Doing All Of The Things

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Our babysitter was telling me about how she was excited to see a friend that she hadn’t seen in a while. The friend said, “Can we do all of the things?” And our babysitter replied, “Yes, we will most definitely do all of the things!”

Every time I think of this expression, it makes me laugh. I guess it’s a new expression that means “doing everything we love to do”?? I guess??

Sometimes I’m tempted to use it in conversation, but then I think people would accuse me of trying to be younger than my years…

But I do think of this in terms of Emmy. I want her to do all of the things.

I want her to play sports, go to dance class, take an art class, participate in the various clubs at school…

She doesn’t have to do anything she doesn’t WANT to do. But I want her to have the opportunities that any typical child has.

Some experiences have been easier than others. We have a gymnastics studio near us, and the teachers have been awesome with Emmy. She takes classes with her peers, but the teachers will modify a little bit for her. One student might walk across the balance beam on her own, while Emmy will get a little support from the teacher. One student might do a cartwheel flawlessly on her own, while the teacher might hold Emmy while she practices her cartwheel. But she does everything that everyone else does, and the teachers have been very happy to accomodate for Emmy’s needs. I didn’t even have to ask them. They just did it.

On the other hand, we have had a doozy of a time with dance. I enrolled Emmy in ballet classes at a very strict studio. It wouldn’t have been my preference, but Charlotte really liked the studio at first, and she wanted to go there. I’m a big proponent of having Emmy try everything that Charlotte does. So I signed Emmy up for the class, but I also told them that she has Williams syndrome because I knew that the standards of the studio are more strict than others. For example, a student would have to pass a “dance test” before moving to the next level.

The receptionist gave me the side-eye and said, “We can put her in our youngest class…We’ll start her there…That’s as young as we go…”

This was one of those situations that made me very uncomfortable. I could feel the judgment. I knew that the kids would be younger than Emmy. But I also felt that this person wasn’t keen to have her in the dance school — period — and this was a way to get her in. After all, the aim of this school is to build up dancers in a very strict, professional atmosphere. If Emmy couldn’t perform the steps, how would the teacher react?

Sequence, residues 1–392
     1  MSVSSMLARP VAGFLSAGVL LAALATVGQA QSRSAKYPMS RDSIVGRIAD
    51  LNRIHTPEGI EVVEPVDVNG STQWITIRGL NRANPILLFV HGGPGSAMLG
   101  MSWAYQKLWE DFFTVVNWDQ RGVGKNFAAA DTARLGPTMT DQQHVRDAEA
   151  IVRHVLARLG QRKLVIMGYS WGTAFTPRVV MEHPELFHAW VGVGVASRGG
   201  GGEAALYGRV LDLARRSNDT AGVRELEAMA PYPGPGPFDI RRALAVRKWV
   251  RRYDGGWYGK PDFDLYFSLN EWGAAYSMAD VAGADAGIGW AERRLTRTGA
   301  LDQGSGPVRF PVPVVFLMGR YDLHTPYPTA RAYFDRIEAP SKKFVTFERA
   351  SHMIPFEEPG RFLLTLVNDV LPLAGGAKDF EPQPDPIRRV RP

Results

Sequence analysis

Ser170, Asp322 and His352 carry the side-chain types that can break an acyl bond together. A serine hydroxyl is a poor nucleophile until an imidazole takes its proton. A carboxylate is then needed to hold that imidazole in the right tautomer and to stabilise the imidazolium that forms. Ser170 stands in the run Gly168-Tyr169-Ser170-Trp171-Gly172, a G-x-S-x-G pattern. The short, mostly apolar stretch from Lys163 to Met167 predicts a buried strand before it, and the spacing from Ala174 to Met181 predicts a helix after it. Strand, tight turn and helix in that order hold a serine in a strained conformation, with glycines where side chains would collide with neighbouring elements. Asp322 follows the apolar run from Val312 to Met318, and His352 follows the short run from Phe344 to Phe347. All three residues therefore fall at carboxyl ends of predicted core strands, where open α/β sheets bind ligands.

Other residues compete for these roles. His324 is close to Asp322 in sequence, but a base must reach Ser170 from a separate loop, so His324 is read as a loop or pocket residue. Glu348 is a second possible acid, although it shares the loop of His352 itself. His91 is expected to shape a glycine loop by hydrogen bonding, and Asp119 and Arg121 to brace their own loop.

But, on the other hand, Charlotte took a practice class, and the teacher was great. I really wavered back and forth on this, but I signed Emmy up nonetheless and put her in the youngest class.

The interaction with the receptionist made me feel “less than.” It made me feel as though I had to apologize for intruding on the professional atmosphere of the school. It made me feel as though I had to make excuses for my child who was born as she was — through no fault of her own.

I should have known *at that moment* that this wasn’t the right place for us. But, you see, I want Emmy to do all of the things! I want her to wear her little ballet outfit with her hair up in a bun. Mostly, I want her to have the exact same opportunities that Charlotte does. If Charlotte is accepted into the class as a typical child, I want Emmy to be accepted as well.

Here’s the irony. The class ended up being a disaster but not for the reason I imagined. It wasn’t because Emmy couldn’t keep up with the steps. In fact, because the kids were younger than Emmy, they were totally out of control! They didn’t follow directions. They cried during the whole class and ran out of the room constantly. I don’t blame them one bit. They were quite young! But that wasn’t the class for Emmy. Just because Emmy has some challenges doesn’t mean that she should immediately be placed with younger children. It was really illuminating! Emmy surpassed these kids in maturity. I asked the teacher to move Emmy to the next level, and she declined. She said Emmy was placed correctly. I kindly disagreed.

This is a dance school that many people praise, but we ended up leaving. It just wasn’t a good fit.

That interaction soured me to dance for a while, but it was something that continued to eat away at me because Emmy loves to dance. I didn’t want to deny her the experience of a dance class just because of this one situation.